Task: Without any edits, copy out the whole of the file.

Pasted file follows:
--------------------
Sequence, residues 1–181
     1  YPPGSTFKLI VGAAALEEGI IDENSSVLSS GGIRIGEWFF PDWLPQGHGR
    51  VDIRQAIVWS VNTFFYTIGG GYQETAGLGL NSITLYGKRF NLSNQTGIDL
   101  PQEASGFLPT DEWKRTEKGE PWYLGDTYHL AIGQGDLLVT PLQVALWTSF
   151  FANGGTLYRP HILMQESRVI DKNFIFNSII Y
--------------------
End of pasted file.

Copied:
Sequence, residues 1–181
     1  YPPGSTFKLI VGAAALEEGI IDENSSVLSS GGIRIGEWFF PDWLPQGHGR
    51  VDIRQAIVWS VNTFFYTIGG GYQETAGLGL NSITLYGKRF NLSNQTGIDL
   101  PQEASGFLPT DEWKRTEKGE PWYLGDTYHL AIGQGDLLVT PLQVALWTSF
   151  FANGGTLYRP HILMQESRVI DKNFIFNSII Y